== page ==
Rail overcrowding in London and South East 'gets worse'

Passengers on crowded train
Image caption More than 530,000 rail passengers arrived in London during each morning rush-hour in 2011

Overcrowding on rush-hour trains in London and south-east England continues to worsen despite extra investment in railways, government figures show.

The level of overcrowding on peak-time trains to and from London rose from 3.0% in 2010 to 3.2% last year, the Department for Transport (DfT) said.

Southern and Southeastern Trains are running extra services to cope with extra demand during the Olympic Games.

Train providers say they now operate 20% more trains than 15 years ago.

A spokesman for train operating body Atoc said: "Faster trains and better services are attracting record numbers of people to the railways, but the flip side is overcrowding, and we understand passengers' frustration when they can't get a seat."

Evening overcrowding rise

Nearly 200,000 extra peak-hour seats are planned, and Atoc says more flexible franchises in the future should enable rail firms to allocate them where they are most needed.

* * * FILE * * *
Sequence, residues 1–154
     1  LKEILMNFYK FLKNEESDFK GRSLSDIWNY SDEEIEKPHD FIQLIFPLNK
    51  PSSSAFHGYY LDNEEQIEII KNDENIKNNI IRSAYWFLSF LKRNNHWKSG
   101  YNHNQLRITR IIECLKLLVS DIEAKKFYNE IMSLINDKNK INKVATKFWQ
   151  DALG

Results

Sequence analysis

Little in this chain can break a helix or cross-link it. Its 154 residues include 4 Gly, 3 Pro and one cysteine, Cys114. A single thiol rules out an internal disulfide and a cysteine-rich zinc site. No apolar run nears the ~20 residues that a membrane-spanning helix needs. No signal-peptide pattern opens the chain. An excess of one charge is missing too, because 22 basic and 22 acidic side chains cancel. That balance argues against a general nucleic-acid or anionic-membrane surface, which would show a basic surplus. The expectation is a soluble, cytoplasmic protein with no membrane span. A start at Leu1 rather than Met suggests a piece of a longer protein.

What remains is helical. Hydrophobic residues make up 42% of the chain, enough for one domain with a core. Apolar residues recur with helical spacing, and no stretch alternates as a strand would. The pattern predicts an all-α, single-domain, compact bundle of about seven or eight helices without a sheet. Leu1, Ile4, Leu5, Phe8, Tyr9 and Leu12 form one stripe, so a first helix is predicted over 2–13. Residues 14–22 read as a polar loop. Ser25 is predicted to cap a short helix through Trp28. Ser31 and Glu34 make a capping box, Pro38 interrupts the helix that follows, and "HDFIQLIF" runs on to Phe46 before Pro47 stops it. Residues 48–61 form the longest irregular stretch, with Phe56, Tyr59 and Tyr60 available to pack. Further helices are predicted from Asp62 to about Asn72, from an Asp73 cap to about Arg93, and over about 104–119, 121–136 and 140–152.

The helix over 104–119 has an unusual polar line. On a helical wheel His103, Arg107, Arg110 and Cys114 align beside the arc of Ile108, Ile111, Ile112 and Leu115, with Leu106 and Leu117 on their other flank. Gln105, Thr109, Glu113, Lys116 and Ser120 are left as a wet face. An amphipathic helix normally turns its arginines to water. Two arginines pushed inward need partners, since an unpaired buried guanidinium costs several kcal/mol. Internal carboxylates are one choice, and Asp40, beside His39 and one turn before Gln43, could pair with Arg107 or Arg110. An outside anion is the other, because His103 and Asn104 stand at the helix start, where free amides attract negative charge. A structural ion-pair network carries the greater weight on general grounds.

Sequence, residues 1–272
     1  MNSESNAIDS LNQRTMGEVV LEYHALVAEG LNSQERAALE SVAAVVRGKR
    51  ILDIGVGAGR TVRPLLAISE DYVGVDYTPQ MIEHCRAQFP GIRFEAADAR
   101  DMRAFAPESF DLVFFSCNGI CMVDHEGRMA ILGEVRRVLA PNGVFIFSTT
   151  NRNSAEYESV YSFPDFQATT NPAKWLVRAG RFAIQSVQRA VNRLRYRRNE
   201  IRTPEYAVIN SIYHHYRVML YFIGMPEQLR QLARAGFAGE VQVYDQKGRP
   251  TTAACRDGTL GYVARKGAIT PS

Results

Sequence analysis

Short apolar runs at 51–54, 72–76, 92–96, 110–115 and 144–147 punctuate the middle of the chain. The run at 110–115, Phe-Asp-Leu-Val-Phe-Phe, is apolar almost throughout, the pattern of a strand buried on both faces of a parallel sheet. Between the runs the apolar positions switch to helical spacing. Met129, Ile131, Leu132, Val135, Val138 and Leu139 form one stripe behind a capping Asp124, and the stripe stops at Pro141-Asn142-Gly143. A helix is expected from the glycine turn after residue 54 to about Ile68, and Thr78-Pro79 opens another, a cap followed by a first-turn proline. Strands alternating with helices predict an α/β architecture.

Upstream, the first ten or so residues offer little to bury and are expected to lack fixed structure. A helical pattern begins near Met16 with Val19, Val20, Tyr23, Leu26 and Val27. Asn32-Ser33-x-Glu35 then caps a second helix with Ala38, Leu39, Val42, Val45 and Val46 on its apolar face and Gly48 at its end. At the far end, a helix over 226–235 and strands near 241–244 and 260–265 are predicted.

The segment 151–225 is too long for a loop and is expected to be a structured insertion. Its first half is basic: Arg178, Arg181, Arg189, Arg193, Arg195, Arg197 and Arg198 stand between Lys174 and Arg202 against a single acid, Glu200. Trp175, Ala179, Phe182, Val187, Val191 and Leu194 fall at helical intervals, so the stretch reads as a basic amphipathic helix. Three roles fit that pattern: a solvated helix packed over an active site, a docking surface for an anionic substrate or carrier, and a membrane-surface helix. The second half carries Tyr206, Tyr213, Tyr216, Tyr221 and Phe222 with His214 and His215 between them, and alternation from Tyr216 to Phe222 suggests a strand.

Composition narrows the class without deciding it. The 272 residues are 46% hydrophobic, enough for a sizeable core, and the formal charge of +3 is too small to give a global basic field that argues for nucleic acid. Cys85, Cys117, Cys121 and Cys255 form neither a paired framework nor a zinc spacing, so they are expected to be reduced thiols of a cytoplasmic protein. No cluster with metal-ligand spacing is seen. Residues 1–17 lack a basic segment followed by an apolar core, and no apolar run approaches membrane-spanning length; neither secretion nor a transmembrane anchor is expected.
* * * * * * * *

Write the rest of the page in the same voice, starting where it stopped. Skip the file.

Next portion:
Rail Minister Norman Baker said: "The figures show why we are right to tackle overcrowding on our railways.

"We will shortly set out our plans for investment in 2014-19."

The DfT figures reveal more than half a million people arrive in London by train in the morning peak - 4% above the official capacity and roughly the same level of overcrowding as in 2010.

Because the return journeys are spread out, the evening rush-hour exodus involves about 90,000 fewer people, but the level of overcrowding on those journeys has risen sharply from 1.9% to 2.3%.

Major rail projects in London are under way, including the Crossrail link across the city, and a high-speed route to the Midlands and northern England is planned.

An initial £6bn high-speed rail link from London to Folkestone, which was completed in 2007, has improved journey times to Europe but is being used by fewer passengers than expected .

Southern Railway is providing extra late-night services and extra off-peak carriages between London and the Sussex coast during the Olympic Games, which start later this month.

Southeastern has had to make significant timetable changes , including drastic alterations to high-speed services, to cope with the different demands during the Olympics.

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